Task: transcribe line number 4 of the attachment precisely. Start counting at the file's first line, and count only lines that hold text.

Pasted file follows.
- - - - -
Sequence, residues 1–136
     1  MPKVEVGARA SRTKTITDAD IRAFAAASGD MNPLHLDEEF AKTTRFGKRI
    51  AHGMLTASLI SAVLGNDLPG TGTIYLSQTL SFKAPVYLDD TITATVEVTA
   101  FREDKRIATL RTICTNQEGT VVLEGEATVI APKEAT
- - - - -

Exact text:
   101  FREDKRIATL RTICTNQEGT VVLEGEATVI APKEAT